Taoiseach Micheál Martin and British prime minister Boris Johnson will attend the Six Nations match between Ireland and England at Twickenham together on Saturday in an attempt to improve the difficult relationship between their two governments.
During a bilateral meeting ahead of the match, the two leaders will discuss the British-Irish relationship in light of ongoing disputes over the Northern Ireland protocol and other issues, including Mr Johnson’s proposed amnesty for Troubles-related crimes.
The meeting is part of a three-day visit to Britain, during which the Taoiseach will also attend the St Patrick’s Day parade in London. Mr Martin and Mr Johnson are expected to talk about the crisis in Ukraine, which foreign secretary Liz Truss has suggested should encourage Britain and the European Union to resolve their differences over the protocol.
She told the Atlantic Council in Washington: “We share a deep commitment to peace in Northern Ireland and the Belfast Good Friday Agreement. At present the Northern Ireland protocol is creating an imbalance between communities.
“The protocol must support the Good Friday Agreement and protect east-west ties as well as North-South . . . Not because one is worth more than the other, but because both are essential to peace. The UK will always act to protect our sovereignty and the union – while also working closely with our allies.”
During his visit, the Taoiseach will attend a reception hosted by the Irish-born lord mayor of the City of London, Vincent Keaveny, and an Enterprise Ireland business event.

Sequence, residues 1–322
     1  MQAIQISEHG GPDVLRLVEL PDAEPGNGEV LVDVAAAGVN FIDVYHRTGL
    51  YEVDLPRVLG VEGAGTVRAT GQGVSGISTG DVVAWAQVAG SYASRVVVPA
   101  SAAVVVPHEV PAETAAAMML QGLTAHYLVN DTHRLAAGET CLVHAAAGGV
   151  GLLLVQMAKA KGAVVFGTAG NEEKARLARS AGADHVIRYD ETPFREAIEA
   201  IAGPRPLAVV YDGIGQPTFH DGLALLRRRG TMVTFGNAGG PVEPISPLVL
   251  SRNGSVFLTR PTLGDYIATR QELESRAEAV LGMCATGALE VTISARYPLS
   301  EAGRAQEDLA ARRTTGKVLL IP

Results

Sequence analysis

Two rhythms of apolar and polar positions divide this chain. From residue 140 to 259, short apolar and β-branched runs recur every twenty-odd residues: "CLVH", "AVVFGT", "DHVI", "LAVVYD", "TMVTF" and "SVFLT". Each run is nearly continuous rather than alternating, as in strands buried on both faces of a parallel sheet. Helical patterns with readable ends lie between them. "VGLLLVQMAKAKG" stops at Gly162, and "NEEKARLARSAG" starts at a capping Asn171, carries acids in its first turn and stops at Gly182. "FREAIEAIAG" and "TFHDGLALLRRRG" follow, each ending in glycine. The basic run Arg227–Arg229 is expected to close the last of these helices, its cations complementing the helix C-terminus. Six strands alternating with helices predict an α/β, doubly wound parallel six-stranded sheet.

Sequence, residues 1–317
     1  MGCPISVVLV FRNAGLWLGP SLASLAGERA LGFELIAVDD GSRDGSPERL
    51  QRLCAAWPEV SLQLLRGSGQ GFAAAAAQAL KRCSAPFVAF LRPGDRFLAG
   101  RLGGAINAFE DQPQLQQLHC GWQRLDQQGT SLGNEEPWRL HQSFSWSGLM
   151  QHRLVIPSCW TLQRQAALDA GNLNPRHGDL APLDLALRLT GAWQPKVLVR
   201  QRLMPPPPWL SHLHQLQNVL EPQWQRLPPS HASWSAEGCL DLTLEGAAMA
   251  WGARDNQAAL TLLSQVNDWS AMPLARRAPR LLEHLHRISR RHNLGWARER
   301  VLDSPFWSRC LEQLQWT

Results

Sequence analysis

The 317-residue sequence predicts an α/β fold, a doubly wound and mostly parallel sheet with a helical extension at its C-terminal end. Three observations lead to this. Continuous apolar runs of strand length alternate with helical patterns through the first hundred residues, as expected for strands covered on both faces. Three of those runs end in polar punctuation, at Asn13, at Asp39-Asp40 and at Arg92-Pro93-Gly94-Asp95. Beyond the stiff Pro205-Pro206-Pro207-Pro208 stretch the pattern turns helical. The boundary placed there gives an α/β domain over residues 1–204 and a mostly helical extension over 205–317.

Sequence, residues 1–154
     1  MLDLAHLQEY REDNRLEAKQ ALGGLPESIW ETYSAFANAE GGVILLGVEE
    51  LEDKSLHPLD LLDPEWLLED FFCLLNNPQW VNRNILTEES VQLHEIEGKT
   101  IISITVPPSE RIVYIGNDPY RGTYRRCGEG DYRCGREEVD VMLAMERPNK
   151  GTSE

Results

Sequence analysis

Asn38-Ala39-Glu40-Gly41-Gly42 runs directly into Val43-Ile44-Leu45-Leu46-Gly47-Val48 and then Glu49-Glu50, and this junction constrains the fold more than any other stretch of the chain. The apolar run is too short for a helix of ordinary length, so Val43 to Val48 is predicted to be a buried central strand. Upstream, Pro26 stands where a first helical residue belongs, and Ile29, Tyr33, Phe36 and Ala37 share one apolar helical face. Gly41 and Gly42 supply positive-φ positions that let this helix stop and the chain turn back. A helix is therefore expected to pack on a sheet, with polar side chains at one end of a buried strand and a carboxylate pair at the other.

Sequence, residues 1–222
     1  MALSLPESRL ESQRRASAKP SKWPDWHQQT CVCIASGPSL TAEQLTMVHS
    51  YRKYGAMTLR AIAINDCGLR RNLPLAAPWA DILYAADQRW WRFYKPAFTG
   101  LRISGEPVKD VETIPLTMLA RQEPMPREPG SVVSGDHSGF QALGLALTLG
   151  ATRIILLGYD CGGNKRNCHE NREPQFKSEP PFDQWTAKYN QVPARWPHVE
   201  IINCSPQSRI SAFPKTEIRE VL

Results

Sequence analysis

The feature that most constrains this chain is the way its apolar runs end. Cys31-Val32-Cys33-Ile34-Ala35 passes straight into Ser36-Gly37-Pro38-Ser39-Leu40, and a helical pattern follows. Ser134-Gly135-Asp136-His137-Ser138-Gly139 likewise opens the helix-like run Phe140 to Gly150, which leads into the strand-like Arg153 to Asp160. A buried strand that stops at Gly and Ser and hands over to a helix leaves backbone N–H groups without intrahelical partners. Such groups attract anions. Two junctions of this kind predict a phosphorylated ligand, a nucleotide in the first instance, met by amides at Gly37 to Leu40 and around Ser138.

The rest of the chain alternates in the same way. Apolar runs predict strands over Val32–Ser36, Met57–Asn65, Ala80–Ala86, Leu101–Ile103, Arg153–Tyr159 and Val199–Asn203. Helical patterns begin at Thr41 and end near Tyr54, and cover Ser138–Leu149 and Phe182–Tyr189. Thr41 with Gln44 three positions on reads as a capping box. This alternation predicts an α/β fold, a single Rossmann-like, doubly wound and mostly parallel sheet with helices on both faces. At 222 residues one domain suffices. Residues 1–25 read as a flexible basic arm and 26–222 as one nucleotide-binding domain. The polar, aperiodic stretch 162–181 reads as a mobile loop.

The Taoiseach’s visit comes as the British Labour party holds its biggest ever St Patrick’s Day programme with events in Manchester and London. The event on Friday evening at Manchester’s Irish World Heritage Centre is due to feature speakers including mayor Andy Burnham and be joined by members of the Ukrainian community in the city.
Address by Labour leader
Labour leader Keir Starmer will address the British-Irish relationship at an event in London on Monday morning, which will also hear from Ireland’s ambassador to Britain Adrian O’Neill, Trade Union Congress leader Frances O’Grady and Tyrone-born MP Conor McGinn.
Mr McGinn said: “The past two years have been incredibly tough for everyone, and the Irish community in Britain has been hit particularly hard by Covid. But I am really proud of the way everyone has come together, not just to support others in the Irish community, but all communities in Britain, and the Irish have played a leading role in bringing us out of this health pandemic.
“They include more than 20,000 Irish staff in the NHS in Britain and thousands more frontline workers who continue to work tirelessly to help others. And leading scientists such as Prof Teresa Lambe from Kildare who co-founded the Oxford vaccine.”
Liam Conlon, chairman of the British Labour party’s Irish Society, said the events demonstrated the party’s commitment to strengthening relationships “across these islands” and supporting the Irish community in Britain.
“Not only does the Labour party support the Irish community, but it is empowering them through proper representation, and we’re delighted to celebrate the progress being made by London Irish leaders in local government.
“Council leaders and mayors from Donegal, Dublin, Tyrone and beyond are now leading the line for Labour in local government and this is something which all of us can be proud of,” he said.